Saturday, 8 August 2009

Was I to touch my hat to him: was I his bloomin’ dog?


A Bushman's Song

I’m travellin’ down the Castlereagh, and I’m a station hand,
I’m handy with the ropin’ pole, I’m handy with the brand,
And I can ride a rowdy colt, or swing the axe all day,
But there’s no demand for a station-hand along the Castlereagh.

So it’s shift, boys, shift, for there isn’t the slightest doubt
That we’ve got to make a shift to the stations further out,
With the pack-horse runnin’ after, for he follows like a dog,
We must strike across the country at the old jig-jog.


Andrew Barton (Banjo) Paterson
(First verse and refrain only)

17 comments:

Jacob said...

I want one of those hats! And no, you needn't touch your hat or anyone else's!

Great shot...and love the song!

brattcat said...

Enlarge this one, everyone. It is exquisite. I touch my hat to the photographer, master of images.

Vogon Poet said...

I was going to bed but this image caught my attention. This is something quite familiar, but with little hints from another faraway world. Great shot, hats off to you!
Good night (or good morning) from Tuscany...

Joan Elizabeth said...

I see RM Williams has a photography book out with the title something like "Akubra it's Australian for hat". This shot would go well in that book, it might not be an Akubra but it is certainly an Australian hat.

BlossomFlowerGirl said...

My boys used to wear those hats with their Driza-bones. There's something rather "manly" about them hats.

And quoting Banjo Paterson is so apt - first thing that came to mind was "There was movement at the station for the word had got around..."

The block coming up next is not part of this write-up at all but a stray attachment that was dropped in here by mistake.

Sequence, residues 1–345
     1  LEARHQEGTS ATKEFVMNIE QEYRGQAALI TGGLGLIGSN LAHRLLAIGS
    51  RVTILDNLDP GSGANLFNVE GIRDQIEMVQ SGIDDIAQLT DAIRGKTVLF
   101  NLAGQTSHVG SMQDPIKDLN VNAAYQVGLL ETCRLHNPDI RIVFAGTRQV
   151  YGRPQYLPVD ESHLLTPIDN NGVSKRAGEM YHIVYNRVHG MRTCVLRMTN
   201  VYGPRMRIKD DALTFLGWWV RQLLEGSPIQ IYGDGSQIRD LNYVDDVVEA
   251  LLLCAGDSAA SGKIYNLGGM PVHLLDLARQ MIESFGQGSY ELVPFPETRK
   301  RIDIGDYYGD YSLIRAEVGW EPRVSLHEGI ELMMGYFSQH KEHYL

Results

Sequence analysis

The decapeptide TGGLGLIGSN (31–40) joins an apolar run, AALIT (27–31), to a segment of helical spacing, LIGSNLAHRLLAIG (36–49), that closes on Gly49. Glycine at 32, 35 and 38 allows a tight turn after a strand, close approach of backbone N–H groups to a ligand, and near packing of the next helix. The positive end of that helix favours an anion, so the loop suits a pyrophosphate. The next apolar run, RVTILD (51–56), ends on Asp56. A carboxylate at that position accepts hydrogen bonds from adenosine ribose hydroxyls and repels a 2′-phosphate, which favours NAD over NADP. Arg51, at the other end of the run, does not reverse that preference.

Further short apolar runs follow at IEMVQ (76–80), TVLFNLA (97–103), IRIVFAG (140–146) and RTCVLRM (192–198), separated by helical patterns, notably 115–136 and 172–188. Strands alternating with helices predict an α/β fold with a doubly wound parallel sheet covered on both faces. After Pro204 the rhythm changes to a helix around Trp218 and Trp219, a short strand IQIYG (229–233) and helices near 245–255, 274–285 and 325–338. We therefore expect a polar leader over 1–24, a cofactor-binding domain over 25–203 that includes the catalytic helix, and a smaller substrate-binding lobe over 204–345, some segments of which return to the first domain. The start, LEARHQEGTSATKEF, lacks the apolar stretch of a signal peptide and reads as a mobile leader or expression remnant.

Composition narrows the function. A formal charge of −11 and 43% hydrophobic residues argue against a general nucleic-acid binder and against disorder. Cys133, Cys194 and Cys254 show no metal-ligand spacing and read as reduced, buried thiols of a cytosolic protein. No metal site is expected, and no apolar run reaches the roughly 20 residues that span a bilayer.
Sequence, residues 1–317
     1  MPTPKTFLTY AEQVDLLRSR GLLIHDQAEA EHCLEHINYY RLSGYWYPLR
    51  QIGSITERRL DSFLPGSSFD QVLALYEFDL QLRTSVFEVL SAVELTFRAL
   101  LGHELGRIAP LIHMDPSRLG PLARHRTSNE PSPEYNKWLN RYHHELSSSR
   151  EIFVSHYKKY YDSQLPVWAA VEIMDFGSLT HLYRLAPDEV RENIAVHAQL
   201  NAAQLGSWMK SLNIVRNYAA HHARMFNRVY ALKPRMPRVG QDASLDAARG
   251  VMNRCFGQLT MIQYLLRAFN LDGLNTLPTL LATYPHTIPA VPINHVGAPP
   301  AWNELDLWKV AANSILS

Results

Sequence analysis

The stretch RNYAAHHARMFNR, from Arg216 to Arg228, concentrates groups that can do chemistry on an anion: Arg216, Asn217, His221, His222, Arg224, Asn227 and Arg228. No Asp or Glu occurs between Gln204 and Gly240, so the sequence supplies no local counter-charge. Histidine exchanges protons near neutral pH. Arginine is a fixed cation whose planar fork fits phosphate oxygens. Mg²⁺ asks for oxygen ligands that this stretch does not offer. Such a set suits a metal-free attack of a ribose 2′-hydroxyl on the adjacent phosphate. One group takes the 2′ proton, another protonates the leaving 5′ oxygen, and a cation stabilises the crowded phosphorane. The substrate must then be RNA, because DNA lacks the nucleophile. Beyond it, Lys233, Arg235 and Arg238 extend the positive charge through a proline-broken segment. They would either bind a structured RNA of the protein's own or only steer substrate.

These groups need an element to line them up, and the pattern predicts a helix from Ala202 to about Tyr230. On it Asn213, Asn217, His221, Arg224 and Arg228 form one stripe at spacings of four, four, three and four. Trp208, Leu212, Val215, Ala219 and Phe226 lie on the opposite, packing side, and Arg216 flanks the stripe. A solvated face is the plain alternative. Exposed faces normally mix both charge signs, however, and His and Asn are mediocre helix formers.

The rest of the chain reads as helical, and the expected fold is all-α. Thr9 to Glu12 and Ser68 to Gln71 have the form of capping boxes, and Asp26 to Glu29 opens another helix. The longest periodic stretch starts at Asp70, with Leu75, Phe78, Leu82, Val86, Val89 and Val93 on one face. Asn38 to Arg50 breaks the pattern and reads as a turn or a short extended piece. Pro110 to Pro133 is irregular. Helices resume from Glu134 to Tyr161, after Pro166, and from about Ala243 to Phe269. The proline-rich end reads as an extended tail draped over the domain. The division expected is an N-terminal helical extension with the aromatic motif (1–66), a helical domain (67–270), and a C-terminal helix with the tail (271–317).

Sally said...

Look out for some Paddington history tomorrow - think you might like it.

AB said...

A real Crocodiel Dundee hat! No corks dangling from it?

altadenahiker said...

He looks real tough. Even his hat. Even his ear. Even the squint in his eye.

JM said...

Gorgeous close-up! It's a great shot indeed!

Julie said...

AH: Gives a new slant to "eyes in the back of his head" then ...

Eamon said...

Superb - and I really want that hat!

altadenahiker said...

Squint? The way the skin sits atop his cheekbone.

Julie said...

mmm ... I'm not convinced but open to being ... I thought squinting was something one did with eyes ... scrunch them up to change the focal length and therefore alter the light level ... or OR ... have a quick look ... so yes, the skin atop (like that word) the checkbone becomes ruffled like crows feet ... but THAT is not the squint ... that is the result of the squint. Is that pedantic enough for you, dya think? Your counter thoughts, dear pedant?

altadenahiker said...

You gave me enough visual information to imagine the face, and methinks the skin speaks to a perpetual squint.

I also think a squint is an attitude, like a swagger, and belongs to someone who is always taking the measure of what's around him.

Stephany said...

I'm sure his beloved hat has seen many walkabouts. From the braided band to the moles in front of his ears and the bristle on his chin, this is an excellent photo!

Julie said...

Yes, in Australia the light is so harsh that we have a perpetual squint - and wear sunnies continually. This is often the topic of conversation on our 100 Strangers blog where Peter is currently barging through France and revelling in the softness of the light.

I like the concept of this light>squint> impacting character to the point of watchful awareness. Although I think the majority of Australians are not people watchers in this sense, I certainly am. I love people: interacting and observing others. Taking the measure means more than just watching people though, it is also being aware of situations that might bubble up.

Okay ... I have expanded my appreciation of the squint.

Julie said...

Thank you for your responses to this image, friends. I quite like urban characters like this: essentially Australian even though they do not live in the bush.

As for Crocodile Dundee: he was an imagination of an Australian that Americans might find attractive. He was not genuine. We don't bother with corks to ward off the flies: we just give the great Australian wave - and swear a lot!